This contribution is published as part of the Think Piece Series The Road To Addis and Beyond, launched to coincide with the third and final drafting session of the outcome document of this summer's Third International Conference on Financing for Development. In this Series, global experts discuss a range of topics complementary to the UNRISD research project on the Politics of Domestic Resource Mobilization on how to fund social development and raise provocative or alternative perspectives that can generate further ideas and debates. Please share your thoughts on this article in the comments space below.
In this concluding think piece of the Road to Addis and Beyond Series, UNRISD Research Coordinator Katja Hujo brings together some of the main strands of argument covered by contributors and situates them in relation to UNRISD research, highlighting the importance of the politics of tax reform over and above the technicalities of reform blueprints. The piece concludes by outlining promising routes to more and better finance at the national level as well as blind spots to be aware of, and provides a concise, compelling view of what direction the road beyond Addis should take if we are to arrive at the destination set out in the sustainable development agenda for people, planet and prosperity.
is Research Coordinator for the Social Policy and Development Programme at UNRISD
The Road to Addis …
The UN recently accomplished another important step in the process of launching a new global sustainable development agenda: the Third Financing for Development Conference, which took place on 13-16 July in Addis Ababa, produced an Action Agenda
meant to pave the way for financing and implementing the Sustainable Development Goals (SDGs). In the run-up to the conference, UNRISD set out on the “Road to Addis and Beyond”
together with scholars, UN partners, civil society organizations and NGOs, inviting them to contribute to a Think Piece Series, providing their ideas, expectations and demands for this conference, and reflecting on its outcomes and ways forward. With its global convening power, UNRISD was able to provide a platform for voices from the North and the South, for analysts and activists who are determined to make this future development agenda a success for “people, planet and prosperity”, as current UN parlance has it, by putting it on a sustainable and progressive financial footing.
… and Beyond
The new global financing framework for the 2030 agenda still has to prove that it will really contribute to substantive transformation which eliminates the structural barriers to more inclusive, democratic and sustainable development. Some disappointment about the results of the negotiations has already hit the news and is taken up in our Series, such as the failure to create a UN tax body (Montes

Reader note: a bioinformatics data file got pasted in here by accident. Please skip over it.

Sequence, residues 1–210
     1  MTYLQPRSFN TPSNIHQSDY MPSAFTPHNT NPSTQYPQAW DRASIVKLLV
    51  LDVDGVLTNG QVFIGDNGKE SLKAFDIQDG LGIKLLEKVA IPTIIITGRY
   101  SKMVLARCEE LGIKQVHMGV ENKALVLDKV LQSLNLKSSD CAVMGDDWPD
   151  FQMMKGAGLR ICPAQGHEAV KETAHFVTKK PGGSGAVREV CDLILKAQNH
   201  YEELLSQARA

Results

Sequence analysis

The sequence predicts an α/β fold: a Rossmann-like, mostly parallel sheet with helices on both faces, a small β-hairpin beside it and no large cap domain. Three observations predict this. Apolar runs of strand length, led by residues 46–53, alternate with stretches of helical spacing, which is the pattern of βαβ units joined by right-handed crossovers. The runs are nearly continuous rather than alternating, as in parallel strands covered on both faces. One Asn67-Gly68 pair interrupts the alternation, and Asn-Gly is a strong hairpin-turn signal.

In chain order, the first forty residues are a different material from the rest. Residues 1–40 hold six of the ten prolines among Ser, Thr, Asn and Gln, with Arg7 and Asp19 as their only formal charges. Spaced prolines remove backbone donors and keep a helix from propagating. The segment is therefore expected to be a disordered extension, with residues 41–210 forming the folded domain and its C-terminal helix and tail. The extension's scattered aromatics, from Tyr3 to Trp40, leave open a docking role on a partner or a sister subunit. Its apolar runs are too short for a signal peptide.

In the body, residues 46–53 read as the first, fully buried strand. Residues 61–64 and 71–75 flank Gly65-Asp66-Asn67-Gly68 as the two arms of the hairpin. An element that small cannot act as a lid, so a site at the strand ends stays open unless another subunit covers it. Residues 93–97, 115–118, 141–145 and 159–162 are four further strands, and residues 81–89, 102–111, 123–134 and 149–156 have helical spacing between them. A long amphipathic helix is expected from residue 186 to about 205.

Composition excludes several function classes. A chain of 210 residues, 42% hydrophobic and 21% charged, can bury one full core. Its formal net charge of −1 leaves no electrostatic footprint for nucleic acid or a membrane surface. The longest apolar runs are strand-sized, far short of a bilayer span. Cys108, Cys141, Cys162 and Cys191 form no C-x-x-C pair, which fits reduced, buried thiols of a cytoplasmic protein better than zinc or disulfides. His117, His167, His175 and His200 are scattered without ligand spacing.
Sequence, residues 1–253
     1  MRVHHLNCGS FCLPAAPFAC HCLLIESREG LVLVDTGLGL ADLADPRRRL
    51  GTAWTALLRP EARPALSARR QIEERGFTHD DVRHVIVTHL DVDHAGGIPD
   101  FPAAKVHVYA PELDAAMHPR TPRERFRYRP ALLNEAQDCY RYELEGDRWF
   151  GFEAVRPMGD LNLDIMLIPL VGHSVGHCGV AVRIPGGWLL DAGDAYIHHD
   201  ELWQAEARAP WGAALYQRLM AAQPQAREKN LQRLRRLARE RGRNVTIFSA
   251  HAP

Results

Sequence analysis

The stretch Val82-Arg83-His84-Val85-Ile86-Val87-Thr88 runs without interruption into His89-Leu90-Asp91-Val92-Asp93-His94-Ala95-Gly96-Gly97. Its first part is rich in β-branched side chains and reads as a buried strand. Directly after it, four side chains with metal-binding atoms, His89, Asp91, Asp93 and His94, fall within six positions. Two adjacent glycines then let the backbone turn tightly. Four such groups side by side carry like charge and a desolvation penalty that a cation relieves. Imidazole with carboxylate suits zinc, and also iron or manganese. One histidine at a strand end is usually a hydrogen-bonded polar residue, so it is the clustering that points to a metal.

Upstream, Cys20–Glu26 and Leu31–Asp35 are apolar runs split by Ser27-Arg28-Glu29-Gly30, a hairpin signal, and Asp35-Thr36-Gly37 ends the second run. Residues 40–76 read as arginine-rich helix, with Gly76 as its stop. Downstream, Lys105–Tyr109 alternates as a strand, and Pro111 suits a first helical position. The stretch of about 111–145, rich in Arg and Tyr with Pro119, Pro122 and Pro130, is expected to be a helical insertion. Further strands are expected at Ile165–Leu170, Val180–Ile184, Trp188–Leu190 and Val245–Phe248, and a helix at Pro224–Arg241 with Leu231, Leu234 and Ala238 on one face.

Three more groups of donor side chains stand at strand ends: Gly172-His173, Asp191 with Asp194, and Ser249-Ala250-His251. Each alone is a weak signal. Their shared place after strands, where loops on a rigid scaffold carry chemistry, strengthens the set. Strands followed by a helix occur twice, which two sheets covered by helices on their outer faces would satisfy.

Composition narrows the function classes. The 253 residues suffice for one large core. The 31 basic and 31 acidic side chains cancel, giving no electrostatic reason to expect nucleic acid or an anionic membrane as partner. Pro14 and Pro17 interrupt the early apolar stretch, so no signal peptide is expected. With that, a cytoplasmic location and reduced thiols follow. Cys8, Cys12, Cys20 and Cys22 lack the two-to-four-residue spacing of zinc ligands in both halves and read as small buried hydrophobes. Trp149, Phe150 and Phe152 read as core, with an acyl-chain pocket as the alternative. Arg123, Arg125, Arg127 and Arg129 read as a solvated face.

) or a Global Social Protection Fund (Cichon
), and the inability to agree on more concrete commitments and timelines (Kaul and Blondin
). There was also scepticism for example about the proposed increased role of the private sector (Caliari
), the instrumentalist take on gender equality (Bidegain, Durano and Rodríguez Enríquez
), and the missed opportunity to move aid debates towards a more timely understanding of the roles of global public finance (Hurley
). On a more positive note, an important outcome of the Addis Ababa Action Agenda (AAAA) is the up-front commitment to a new social compact and to delivering social protection and essential public services to all. And while this pledge is not entirely new in financing for development documents, what is novel in the AAAA is a more visible emphasis on domestic resource mobilization and taxation
as the key instrument to finance this social compact and the 17 objectives of the new SDG agenda.
This is first and foremost good news. UNRISD research
has for many years highlighted the need to link debates on social policy with financing (Bastagli
). There is also considerable research evidence on the positive aspects of taxation, such as:
- stable and predictable revenues;
- potentially positive impacts on state-citizen relations;
- state accountability;
- more egalitarian redistribution of income and wealth; and
- incentivizing more socially and environmentally sound investment and consumption.
Reckoning with the politics of tax reform
However, for these positive effects to materialize it takes more than a tax reform blueprint and improved tax administration—typical entry points for international advisors and technical cooperation missions, and emphasized in the AAAA as an area of capacity building. In the end, it is the politics of tax reform
, at both national and global levels, which will be critical. It is through these political processes that key actors in negotiations are determined, and that crucial policies and institutions are shaped. They influence how rigorously policies are implemented and monitored, and how tax money is spent. Another pitfall of focusing narrowly on domestic resource mobilization is the tendency to neglect the powerful influence of the international context: the global economy, the behaviour of multinational companies and international investors, the international financial architecture, and the quantity and quality of aid. These are all factors which determine policy space and tax revenues at the national level.